Joe Bates (JB): The focus of this issue is sustainability. On its website, Ardnamurchan bills itself as “Scotland’s greenest distillery” – how do you back up that claim? Connal Mackenzie (CM): It is a big claim and there are lots of distilleries now that have come on board after us that are claiming similar credentials. I genuinely believe that any new distillery now should have that at the forefront of their planning. It needs to be a responsibility rather than a marketing gimmick.
From the outset, our Ardnamurchan Distillery was designed to use local heat and power to enhance its environmental efficiency and reduce the carbon footprint… We were the first Scottish distillery to be 100 per cent reliant on a biomass steam boiler. We use 100 per cent locally harvested woodchip, taken from forestry two miles away – it’s our whole energy source. We’ve also installed a hydro [electric generator] on the river, which is where we get our cooling water from.
At Ardnamurchan you cannot grow barley. Well, you could, but it would take a long time. It’s basically a volcanic outcrop. We did want to source our barley from Scotland, though, and our managing director’s [Alex Bruce] family have been farming in Fife for around 500 years. We’ve got a partnership with the farmer that is there. We are trying to get 100 per cent of our barley from that spot. JB: How strongly do you think whisky drinkers really care about green issues and what do you feel is the best way for distilleries to communicate what they’re doing on the sustainability front?CM:
We waited six years before we released our whiskies. We had a lot of time to tell our story and what we are trying to do. We used to attend a lot of events with our bottling arm, trying to catch their attention. I think that most people are very careful about what they consume – trying to support your local greengrocer, getting your milk delivered. Lockdown enforced this even further. This trend includes drinks as well. From small-scale craft producers to the big boys, there’s room for everyone to tell their stories. By doing things fairly and in an environmentally friendly way, that bodes well. People like that. They feel that are doing right.
We didn’t go overboard with our packaging. We did go for a carton but we went for what we think is the first 100 per cent already recycled card. Our bottles also have a QR code, which enables the blockchain technology. Basically, it’s a ledger that has been developed to be compliant with the HMRC. Everything we need to report back, we can now do digitally. We can tell you the mash temperatures, where the barley came from, who ran the still on a dreich Saturday morning. It’s that detailed. That’s the way we communicate with our whisky drinkers.JB: In normal times, promoting a Scotch whisky means lots of travel, both domestic and international, which isn’t particularly great for the environment. What travel policy do you have as a company?CM:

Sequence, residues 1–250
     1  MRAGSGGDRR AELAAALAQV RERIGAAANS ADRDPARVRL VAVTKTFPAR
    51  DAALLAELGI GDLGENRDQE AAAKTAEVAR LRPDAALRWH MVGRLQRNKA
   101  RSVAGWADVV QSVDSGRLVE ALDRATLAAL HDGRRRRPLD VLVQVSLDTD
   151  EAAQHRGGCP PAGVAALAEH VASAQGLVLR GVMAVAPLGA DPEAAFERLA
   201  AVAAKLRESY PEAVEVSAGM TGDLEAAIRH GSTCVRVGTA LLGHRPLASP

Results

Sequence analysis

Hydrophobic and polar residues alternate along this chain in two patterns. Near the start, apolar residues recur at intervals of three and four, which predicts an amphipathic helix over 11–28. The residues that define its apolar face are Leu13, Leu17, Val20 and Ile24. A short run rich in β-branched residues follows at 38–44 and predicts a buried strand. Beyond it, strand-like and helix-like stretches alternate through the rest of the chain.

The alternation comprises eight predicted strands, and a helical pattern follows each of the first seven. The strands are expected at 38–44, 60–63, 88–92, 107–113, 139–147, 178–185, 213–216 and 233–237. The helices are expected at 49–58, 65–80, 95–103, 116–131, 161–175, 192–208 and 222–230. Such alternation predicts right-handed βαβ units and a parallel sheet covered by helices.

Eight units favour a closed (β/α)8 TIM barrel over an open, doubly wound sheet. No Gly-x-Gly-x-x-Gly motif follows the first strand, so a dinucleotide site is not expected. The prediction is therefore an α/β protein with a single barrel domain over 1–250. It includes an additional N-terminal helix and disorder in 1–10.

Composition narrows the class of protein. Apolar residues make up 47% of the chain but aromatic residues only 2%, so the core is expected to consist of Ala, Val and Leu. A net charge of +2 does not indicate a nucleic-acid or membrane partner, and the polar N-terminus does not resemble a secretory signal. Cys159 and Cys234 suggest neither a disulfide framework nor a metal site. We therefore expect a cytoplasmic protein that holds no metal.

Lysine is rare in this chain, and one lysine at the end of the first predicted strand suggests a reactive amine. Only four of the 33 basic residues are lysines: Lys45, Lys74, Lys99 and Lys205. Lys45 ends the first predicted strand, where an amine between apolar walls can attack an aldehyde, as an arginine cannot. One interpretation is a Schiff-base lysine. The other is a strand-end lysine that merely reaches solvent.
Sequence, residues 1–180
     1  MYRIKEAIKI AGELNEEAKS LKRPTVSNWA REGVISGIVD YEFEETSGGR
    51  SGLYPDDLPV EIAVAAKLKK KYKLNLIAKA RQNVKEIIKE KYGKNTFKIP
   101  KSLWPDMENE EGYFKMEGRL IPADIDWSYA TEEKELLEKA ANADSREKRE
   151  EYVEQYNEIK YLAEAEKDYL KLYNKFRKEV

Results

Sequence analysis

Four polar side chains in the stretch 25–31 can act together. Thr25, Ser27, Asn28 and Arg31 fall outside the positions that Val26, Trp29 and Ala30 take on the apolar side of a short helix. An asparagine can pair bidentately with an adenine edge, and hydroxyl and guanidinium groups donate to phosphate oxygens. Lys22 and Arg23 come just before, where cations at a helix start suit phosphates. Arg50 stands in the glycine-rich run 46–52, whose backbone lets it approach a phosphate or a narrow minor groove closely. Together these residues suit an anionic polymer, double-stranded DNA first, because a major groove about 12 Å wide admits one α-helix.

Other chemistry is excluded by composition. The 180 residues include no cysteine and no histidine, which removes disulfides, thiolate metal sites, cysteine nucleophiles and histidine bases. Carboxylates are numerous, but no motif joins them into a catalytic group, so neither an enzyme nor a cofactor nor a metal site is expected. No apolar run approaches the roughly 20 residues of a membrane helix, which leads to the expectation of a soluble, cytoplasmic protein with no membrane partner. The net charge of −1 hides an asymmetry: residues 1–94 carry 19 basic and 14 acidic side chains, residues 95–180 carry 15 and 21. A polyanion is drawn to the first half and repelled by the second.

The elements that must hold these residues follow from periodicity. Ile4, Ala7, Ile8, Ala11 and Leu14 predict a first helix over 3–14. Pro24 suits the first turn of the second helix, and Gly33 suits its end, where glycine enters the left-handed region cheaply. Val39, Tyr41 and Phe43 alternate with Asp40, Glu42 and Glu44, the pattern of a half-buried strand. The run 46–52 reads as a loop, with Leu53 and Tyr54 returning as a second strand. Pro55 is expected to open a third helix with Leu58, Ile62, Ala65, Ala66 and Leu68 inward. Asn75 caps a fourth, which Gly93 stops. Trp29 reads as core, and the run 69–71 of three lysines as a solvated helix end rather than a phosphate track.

We really do need to be out there in the world, there’s no doubt about it. Offsetting your carbon footprint – we’ve got to do that as much as we can. With regards to international travel, we just try and be sensible, we are not going to countries multiple times a year. As a small company, we can’t afford to. If we can take the greener option, we will.
From a UK perspective, we are all able to drive electric vehicles. We have two chargers at the distillery… when we are getting around the UK, it’s done 100 per cent through electric vehicles. That’s something we took a stand on very early.JB: What are some of the most memorable whiskies that you’ve had the pleasure to enjoy while on your travels for work?CM:
I’ve managed to drink some ridiculous whiskies in my time. People are extremely generous. I tried an Adelphi Lochside 47 Years Old, which is a single grain. I’ve tried a 1953 Family Cask Glenfarclas. I was very privileged to try the 75 Years Old Gordon & MacPhail Mortlach, which was a fairly sensational whisky.
Barrels of ArdnamurchanJB: Imagine that your flight is delayed and you are stuck in the airport for the foreseeable future. Out of anyone, dead or alive, who would you most like to share a dram with in the bar to while away the time?CM:
If it’s not a dram with a whisky-specific person, I would have to go with Billy Connolly – even though he wouldn’t be on a whisky anymore. I had the privilege of sharing a drink with him in Belfast many years ago. I would absolutely love the chance to rekindle that memory. Billy Connolly is an absolute gem of a bloke.JB: If you had 24 hours and plenty of cash to spare, what city in the world would you most like to explore?CM:
Because I’ve never been and I am dying to go – it’s one of my markets – I am desperate to go to Tokyo and explore the local whisky bars. I also love walking around New York City. It’s pretty hard to beat.JB: What places and countries are you most looking forward to visiting when travel becomes easier?CM:
Part of my job is going out to the wider markets. We’ve just partnered up with a brand new importer in America, so I am really looking forward to getting out there and spreading the world about Ardnamurchan in San Francisco. I am also itching to get back to Canada, Taiwan, Australia and New Zealand. They are always great trips.JB: Brand loyalty aside, what are some of your top whiskies and whisky cocktails? CM:
For whisky cocktails, I stay classic to be fair. I like a Rob Roy. As for whiskies, I can’t see past a certain distillery in Campbeltown. I love what they are doing at Springbank, always have, always will. You can also never go wrong with a Clynelish or Talisker.JB: You’ve been shipwrecked on a desert island. What bottle of whisky would you like to find washed up on the shore?CM:
I would like to see a Single Cask 1996 Clynelish show up – or perhaps, in a more likely scenario, a Springbank 12 Years Old Cask Strength or a Talisker 18 Years Old.